So you are thinking or have signed up to run your first marathon. You have made the first step in becoming one a few people to accomplish the 26.2 mile race. Okay, maybe not a “few” people, but it definitely is not a common occurrence!
Whether you have ran in official races before or not, we have a few tips below that will help you train as well as help you on the big day! If you have ran in a marathon before, please let us know some of your own personal tips in the comments below.
Training for your First Marathon
- Get a Physical – since you are a beginner and most likely have never ran this type of mileage before, it is important to make sure that you are physically up for the task. In most cases, with proper training, you should be fine, but why risk it? Get a quick check up and make sure.
- Proper Form – pay attention to your form while running. Make sure your head is straight, arms are moving forward and backward (not side-to-side), and your not over striding.
- Warm up and stretch – if you are looking to increase your chances of injury, then feel free to not stretch and warm up your muscles before your runs. Starting out cold and stiff may not cause immediate injuries, but you are in for a long training session for this marathon so think long term and warm up properly and stretch.
- Pay Attention to Pain – you are going to be sore while training and you may develop a few “chinks in your armor” but it is important to keep an eye on any pain, especially if it is over a longer period of time. By focusing on your mechanics and the reasons why you may feel this pain, you can learn to avoid a serious injury in the future.
- Train Early – there are beginner schedules out there for marathon that may start anywhere from 16 to 20 weeks before the date of the marathon. Most of these schedules will note that you should be able to run for about 30 minutes straight before you begin the training. I would take it a step further and starting running 20+ weeks out and make sure you can run 30-45 minutes before you start training. A great foundation can help start a great training schedule.
- Keep Your Schedule Loose – as much as you want to keep to your running schedule, there will be some times where you will miss a run due to an event in your life. Don’t worry. You can make up the miles, or skip this day completely. The important thing is to keep to the schedule as much as you can. And no, just because “you don’t feel like it”, is probably not a good excuse for not running.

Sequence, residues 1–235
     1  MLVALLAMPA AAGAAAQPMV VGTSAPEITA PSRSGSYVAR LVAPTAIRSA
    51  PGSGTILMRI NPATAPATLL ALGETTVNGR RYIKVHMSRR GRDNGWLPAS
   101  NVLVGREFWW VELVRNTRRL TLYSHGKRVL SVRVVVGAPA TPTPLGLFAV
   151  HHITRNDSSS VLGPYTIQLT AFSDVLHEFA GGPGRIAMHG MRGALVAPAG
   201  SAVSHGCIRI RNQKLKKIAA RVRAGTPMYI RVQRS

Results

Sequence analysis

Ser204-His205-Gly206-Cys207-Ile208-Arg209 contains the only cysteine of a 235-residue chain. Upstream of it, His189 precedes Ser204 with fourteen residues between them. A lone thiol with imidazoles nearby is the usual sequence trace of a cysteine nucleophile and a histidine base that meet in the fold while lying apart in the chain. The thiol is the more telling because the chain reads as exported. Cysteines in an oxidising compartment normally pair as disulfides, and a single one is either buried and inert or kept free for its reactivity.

- Study Up on Diet and Water – want to make your life a lot easier? Start a diet while you are training. Not a “cut calories to lose weight” diet, but a “I want to stop eating McDonald’s” diet. Focus on some great runner foods like bananas, peanut butter, some veggies, and pasta. Also, if you haven’t achieved your 8 glasses of water a day, you may want to get in the habit. Proper hydration works wonders on keeping your body up for the task of running these distances.
First Marathon Race Day
- Get Some Sleep – it may be hard to contain your excitement for the next day’s race, but getting to bed early so you have enough sleep is very important for your performance during the marathon. Usually these races start early so try to aim for 7-8 hours of sleep at least.
- Eat Breakfast – so you are planning on skipping breakfast before you run a marathon? 26.2 miles on empty? Probably not the best idea. Eat something familiar, something you normally eat before morning runs. Bananas are great and so is a bagel and peanut butter.
- Do Not Wear New Gear – sometimes new outfits can help motivate people, but buying a new pair of shoes, running in a new pair of shorts or a new shirt on race day can lead to some unexpected problems (i.e. chaffing). Try to wear whatever you wore during your training to avoid any surprises. If you need to buy new shoes, make sure you have some miles on them before you start the marathon.
- Start Slow – with you adrenaline pumping and blood flowing, once the race begins you may be running a faster pace than you originally trained for. Be patient and make sure to concentrate on running your normal pace so you don’t tire out too much when it comes to the second half of the marathon.
- Be Prepared for Stops – during the marathon, depending where it is, you may run into some areas that are “bottle-necked” causing you to slow down your pace. This can be common and the more you are ready mentally for this the better off you are.
- Drink Water / Sports Drinks – you need to hydrate throughout the race. You may not have to stop at every water station, but make sure you are hydrated or you may run into complications such as dizziness or other serious health concerns.
- Stay Motivated – remember all the obstacles you overcame during your training? Remember how much hard work you put in? Remember the feelings you had when you told people you were actually running a marathon? Keep all of this top of mind! You want to remember why you are doing this! Having family and friends there to cheer you on helps, but you have to stay positive and motivated mentally.
- Stay positive and have fun!